Two weeks after having exceeded the milestone of 365 days of conflict, Ukraine was hit on Thursday by several dozen Russian missiles. These massive Russian strikes in Ukraine, the largest in weeks, killed at least six people and deprived part of the population of power, as well as the Zaporozhye nuclear power plant.
Moscow called the bombings “reprisals” to an incursion into its territory on March 2 by Ukrainian “saboteurs”. Russia also claims to have carried out these strikes using new Kinjal hypersonic missiles. Ukrainian President Volodymyr Zelensky denounced for his part the Russian “miserable tactics” after bombings which affected nine regions of the country and its capital Kiev, and targeted energy infrastructure. According to the Ukrainian army, the anti-aircraft defense shot down 34 of the 81 missiles launched by Moscow, and four Iranian-made Shahed explosive drones.
In Kharkiv, no electricity, water or heating
At the same time, the pro-Russian separatists of Transdniestria, in Moldova, claimed to have foiled an attack that kyiv would have prepared against its leaders, raising fears of new tensions in this unstable territory located in the south-west of Ukraine.
Since October, after several military setbacks, Russia has regularly bombarded Ukraine’s key energy facilities with missiles and drones, plunging millions into darkness and cold.
In the Lviv region, a shooting in a residential area killed at least five people, the governor said, while the governor of the Dnipro region told him that a 34-year-old man had been killed. Russian artillery also shelled Kherson, killing two people at a transport stop and a third at a nearby store, local authorities said.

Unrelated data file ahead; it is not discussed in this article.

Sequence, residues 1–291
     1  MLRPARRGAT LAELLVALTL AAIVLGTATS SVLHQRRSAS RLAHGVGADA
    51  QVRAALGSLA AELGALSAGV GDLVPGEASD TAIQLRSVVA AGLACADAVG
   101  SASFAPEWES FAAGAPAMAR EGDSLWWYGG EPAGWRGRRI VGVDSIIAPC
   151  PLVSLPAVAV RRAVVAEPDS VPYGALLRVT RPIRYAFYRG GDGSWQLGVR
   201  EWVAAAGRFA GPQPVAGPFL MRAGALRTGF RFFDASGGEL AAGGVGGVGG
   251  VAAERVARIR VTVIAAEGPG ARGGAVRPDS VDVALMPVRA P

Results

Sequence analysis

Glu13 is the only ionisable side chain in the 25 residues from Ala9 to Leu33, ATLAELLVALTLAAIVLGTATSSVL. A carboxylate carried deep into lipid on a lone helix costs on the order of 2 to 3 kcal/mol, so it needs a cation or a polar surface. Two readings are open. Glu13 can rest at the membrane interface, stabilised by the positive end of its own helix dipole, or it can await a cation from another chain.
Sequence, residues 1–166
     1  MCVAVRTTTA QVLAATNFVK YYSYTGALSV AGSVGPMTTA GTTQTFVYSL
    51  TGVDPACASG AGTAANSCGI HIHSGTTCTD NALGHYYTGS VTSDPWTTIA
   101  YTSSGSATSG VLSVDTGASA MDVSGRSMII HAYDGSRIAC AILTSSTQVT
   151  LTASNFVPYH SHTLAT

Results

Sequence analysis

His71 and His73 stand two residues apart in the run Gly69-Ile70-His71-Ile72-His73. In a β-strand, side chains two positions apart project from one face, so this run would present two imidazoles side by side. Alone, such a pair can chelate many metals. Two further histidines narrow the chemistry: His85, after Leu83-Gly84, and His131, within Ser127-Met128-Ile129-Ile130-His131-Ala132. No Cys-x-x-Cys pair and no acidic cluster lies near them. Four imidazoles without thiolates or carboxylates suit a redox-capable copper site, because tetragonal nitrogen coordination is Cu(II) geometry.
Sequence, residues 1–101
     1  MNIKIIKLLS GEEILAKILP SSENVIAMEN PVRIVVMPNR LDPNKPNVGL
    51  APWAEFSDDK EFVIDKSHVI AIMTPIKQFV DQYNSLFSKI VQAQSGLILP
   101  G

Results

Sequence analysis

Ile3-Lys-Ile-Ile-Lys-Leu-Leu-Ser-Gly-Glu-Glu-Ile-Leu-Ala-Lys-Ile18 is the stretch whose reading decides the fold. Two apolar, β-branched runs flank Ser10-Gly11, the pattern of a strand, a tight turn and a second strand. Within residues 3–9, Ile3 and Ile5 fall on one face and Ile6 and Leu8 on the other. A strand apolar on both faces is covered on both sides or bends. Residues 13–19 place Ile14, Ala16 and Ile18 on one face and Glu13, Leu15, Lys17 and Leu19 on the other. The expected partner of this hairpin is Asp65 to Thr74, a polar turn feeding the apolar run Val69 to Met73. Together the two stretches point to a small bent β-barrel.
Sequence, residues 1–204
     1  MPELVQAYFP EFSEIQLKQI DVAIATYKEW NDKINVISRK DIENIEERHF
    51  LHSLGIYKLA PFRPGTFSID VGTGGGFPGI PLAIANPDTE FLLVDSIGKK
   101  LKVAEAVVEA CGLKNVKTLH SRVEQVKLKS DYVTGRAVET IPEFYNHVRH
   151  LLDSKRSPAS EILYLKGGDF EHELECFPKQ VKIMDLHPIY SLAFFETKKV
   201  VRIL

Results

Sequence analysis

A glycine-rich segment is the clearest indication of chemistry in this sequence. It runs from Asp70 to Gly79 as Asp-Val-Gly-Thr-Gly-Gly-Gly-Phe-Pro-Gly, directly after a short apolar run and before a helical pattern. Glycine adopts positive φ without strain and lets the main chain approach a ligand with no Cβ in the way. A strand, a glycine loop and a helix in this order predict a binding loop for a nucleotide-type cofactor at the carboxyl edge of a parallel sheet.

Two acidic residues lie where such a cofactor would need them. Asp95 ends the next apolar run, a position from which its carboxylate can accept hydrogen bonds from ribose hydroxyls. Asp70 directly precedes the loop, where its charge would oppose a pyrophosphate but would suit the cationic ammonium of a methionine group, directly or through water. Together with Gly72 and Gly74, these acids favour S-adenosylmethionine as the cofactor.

The mayor of Kharkiv, a large city in the northeast near the Russian border, Igor Terekhov, announced that the entire city was without electricity, water and heating. “Russia is trying to completely destroy the civilian infrastructure of Ukraine, that’s why we have to provide (it) with what to defend itself,” reacted the head of EU diplomacy, Josep Borrell, from Stockholm.
In kyiv, Mayor Vitali Klitschko reported several explosions in the south and then the west of the city, where police said at least three people were injured. The military administration claimed that 40% of users in the capital were deprived of heating. Preventive power cuts, according to the authorities, are also still in effect in some neighborhoods. Power cuts were also reported in the Odessa region.
Risk of nuclear accident in Zaporozhye
The gigantic Zaporozhye nuclear power plant, occupied by the Russian army in southern Ukraine, was also cut off from the Ukrainian electricity grid on Thursday after a Russian strike, announced the Ukrainian operator Energoatom. “We are playing with fire and if we allow this situation to continue, one day our luck will change,” warned from Vienna the Director General of the International Atomic Energy Agency (IAEA) Rafael Grossi.
According to Energoatom, the Ukrainian operator, Russian “missile attacks” led to the disconnection of the last line still connecting the plant to the network, and emergency diesel generators were started to ensure a minimum supply of security systems.
But the operator warned of a risk of nuclear accident if the external power supply was not restored. In the early afternoon of Thursday, the power supply was finally “restored”, announced the Ukrainian electricity operator.